Wang Huiyao:Belt and Road needs global partners

May 22 , 2017


China needs to take steps to enlist others and emphasize that the proposal is an exciting opportunity for the whole world


The Belt and Road Forum for International Cooperation created a sense of exhilaration in Beijing. However, although the Belt and Road is pitched as a new approach to driving the momentum for globalization, much of the discourse is centered on China. Outside China, the initiative has encountered more doubters than believers. Skeptics perceive Beijing’s program as a grand vision without a practical plan, a largesse that China is handing out to its neighbors in exchange for geopolitical cooperation – or worse, a rising power’s intention to challenge the existing world order.


As President Xi Jinping said in his keynote speech at the forum, the Belt and Road embodies “openness and inclusiveness, mutual learning and mutual benefit”. The initiative needs not to be an agenda “by China for China”, but “by China for the world”. Indeed, if it fails to define itself as a global agenda that harnesses social and commercial, as well as political, forces around the world, these words will fall on the naysayers’ deaf ears. To achieve win-win cooperation, China must enlist global partners. The following 10 paths can help Beijing do just that.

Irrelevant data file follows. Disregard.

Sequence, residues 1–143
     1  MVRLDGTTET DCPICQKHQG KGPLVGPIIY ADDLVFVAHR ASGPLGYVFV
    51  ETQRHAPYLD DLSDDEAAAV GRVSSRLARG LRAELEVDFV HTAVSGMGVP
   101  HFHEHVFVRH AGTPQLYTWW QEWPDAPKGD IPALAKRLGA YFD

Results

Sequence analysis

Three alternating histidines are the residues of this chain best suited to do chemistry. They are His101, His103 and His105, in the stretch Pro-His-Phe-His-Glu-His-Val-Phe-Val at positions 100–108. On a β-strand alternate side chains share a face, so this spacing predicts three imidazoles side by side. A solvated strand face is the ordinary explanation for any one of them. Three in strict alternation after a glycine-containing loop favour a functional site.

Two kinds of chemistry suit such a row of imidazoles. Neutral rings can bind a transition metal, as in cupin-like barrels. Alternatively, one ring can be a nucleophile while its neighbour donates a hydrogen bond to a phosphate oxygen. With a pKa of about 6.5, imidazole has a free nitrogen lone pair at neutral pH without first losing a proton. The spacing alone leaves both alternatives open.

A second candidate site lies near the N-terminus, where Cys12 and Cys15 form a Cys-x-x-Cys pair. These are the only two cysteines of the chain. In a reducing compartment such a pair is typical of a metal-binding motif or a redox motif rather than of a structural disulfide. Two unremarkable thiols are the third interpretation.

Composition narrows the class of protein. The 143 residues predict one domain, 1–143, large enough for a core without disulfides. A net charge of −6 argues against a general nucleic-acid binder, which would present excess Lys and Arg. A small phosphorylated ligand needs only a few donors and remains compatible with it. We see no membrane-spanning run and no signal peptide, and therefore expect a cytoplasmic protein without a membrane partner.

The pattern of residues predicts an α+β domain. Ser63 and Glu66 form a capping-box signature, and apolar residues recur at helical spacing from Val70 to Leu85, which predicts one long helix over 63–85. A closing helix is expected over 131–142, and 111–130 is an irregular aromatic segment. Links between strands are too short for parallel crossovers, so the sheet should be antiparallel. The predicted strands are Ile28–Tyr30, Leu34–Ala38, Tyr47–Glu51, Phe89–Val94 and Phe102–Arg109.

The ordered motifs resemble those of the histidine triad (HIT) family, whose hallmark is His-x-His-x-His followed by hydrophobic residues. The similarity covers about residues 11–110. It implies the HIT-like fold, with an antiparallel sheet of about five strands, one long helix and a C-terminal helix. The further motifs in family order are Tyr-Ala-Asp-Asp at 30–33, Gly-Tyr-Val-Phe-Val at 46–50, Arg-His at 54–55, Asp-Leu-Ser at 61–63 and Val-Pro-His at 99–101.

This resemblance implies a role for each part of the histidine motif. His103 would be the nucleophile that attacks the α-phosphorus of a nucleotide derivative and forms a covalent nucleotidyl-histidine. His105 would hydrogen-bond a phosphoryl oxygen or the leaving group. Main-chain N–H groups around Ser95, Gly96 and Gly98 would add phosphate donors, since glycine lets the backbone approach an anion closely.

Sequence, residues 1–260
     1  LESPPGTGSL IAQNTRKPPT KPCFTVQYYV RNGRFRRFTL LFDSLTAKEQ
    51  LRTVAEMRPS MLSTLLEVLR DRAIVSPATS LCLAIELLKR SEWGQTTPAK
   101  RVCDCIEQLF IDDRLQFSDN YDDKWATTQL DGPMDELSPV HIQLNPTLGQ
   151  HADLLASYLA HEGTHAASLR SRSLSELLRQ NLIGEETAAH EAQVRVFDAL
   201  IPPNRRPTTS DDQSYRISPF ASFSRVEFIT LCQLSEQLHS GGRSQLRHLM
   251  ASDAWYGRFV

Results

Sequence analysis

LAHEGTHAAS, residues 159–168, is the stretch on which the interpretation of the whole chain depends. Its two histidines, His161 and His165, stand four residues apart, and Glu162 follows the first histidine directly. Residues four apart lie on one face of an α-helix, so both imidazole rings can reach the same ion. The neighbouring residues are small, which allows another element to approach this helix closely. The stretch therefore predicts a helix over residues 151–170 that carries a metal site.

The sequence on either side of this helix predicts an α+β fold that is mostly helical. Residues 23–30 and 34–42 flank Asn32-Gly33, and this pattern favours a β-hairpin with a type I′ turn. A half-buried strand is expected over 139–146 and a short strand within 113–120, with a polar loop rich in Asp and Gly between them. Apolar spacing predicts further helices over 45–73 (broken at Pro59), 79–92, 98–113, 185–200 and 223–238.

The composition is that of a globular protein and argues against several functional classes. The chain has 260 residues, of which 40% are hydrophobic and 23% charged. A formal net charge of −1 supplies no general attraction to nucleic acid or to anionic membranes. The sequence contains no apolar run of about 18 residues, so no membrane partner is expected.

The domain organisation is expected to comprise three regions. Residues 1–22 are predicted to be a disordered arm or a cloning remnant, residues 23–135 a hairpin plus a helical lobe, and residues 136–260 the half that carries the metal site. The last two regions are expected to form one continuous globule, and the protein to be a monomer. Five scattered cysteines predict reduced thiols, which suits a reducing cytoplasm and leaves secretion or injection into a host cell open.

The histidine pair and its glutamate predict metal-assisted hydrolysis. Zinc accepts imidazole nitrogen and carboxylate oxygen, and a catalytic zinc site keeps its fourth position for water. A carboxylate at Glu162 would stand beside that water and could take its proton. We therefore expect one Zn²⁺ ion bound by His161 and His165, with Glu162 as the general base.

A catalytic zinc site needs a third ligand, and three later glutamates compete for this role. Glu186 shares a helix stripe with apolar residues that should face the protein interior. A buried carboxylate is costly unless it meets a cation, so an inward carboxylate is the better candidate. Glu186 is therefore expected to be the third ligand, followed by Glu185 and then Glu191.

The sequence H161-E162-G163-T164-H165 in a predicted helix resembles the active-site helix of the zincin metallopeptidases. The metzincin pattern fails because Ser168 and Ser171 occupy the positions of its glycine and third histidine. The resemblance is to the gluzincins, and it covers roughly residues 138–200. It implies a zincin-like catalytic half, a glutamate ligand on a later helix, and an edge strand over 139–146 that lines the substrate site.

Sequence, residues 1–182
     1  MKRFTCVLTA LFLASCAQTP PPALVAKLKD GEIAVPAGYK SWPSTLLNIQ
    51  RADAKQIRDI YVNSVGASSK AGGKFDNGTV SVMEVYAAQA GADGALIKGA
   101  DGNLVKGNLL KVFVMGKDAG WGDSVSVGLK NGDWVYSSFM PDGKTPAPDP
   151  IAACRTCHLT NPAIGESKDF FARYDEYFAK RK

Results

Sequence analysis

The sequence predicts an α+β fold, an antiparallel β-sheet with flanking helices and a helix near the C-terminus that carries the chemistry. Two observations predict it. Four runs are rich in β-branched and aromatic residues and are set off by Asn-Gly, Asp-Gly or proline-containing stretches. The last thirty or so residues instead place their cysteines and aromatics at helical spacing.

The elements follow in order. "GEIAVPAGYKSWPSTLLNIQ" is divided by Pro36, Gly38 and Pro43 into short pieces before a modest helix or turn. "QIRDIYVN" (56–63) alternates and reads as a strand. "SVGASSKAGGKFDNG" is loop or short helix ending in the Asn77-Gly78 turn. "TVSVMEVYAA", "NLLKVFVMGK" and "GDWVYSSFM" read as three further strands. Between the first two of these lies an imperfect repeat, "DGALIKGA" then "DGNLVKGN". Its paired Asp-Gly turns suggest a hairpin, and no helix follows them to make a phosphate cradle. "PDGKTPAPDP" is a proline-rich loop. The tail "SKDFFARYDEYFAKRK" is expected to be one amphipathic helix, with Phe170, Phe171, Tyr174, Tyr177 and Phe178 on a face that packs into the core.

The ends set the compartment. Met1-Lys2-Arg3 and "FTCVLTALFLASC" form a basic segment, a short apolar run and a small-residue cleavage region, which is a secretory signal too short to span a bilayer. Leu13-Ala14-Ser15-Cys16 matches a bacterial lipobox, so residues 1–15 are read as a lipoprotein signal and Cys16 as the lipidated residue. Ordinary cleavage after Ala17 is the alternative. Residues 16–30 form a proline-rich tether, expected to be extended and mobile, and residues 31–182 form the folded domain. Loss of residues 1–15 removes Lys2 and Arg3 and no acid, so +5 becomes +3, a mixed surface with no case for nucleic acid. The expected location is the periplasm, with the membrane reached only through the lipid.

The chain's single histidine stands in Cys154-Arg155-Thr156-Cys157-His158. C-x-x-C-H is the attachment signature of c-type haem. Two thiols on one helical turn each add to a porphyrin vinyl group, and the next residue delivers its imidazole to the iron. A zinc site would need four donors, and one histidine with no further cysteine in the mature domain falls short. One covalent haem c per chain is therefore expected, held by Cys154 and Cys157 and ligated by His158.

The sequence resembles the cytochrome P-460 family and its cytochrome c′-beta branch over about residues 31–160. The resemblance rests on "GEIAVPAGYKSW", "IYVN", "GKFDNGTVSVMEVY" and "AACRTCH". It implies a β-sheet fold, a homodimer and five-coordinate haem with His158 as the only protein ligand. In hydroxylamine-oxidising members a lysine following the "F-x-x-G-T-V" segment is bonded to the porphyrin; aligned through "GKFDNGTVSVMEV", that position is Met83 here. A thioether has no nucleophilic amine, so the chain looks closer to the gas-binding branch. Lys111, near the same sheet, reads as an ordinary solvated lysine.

Incorporating the Belt and Road Initiative under the United Nations’ framework of governance. The Belt and Road is part of a UN resolution predicated upon the concept of “building a community of common destiny for mankind”. It also aligns with the UN’s 2030 Agenda for Sustainable Development. There are more than 130 countries and international organizations participating in the Belt and Road. Coordination and concerted actions could be brought about by a Belt and Road-oriented agency established under the UN structure.


Engaging the world’s major international institutions. To foster greater movement of goods, capital and people linked to the Belt and Road, rules and standards need to be streamlined. The World Trade Organization, the World Bank, the International Monetary Fund, the International Organization for Migration, and the International Labor Organization are among the partners that can help establish a regulatory framework for Belt and Road related issues.


Stepping up efforts to win acceptance from both North and South. The Belt and Road needs not to be distinctively associated with China’s ancient history. Countries and international organizations, such as the United States, the European Union, Japan, South Korea, Russia and India, have all used the concept of a “Silk Road” in their own economic strategies. Beijing can find the common denominator among these plans. France, with its newly elected pro-globalization president, and the Commonwealth countries led by the United Kingdom are all poised to become Belt and Road partners. Great powers, advanced as well emerging economies, can all trek the Silk Road alongside China to make Belt and Road a global, rather than a China, project.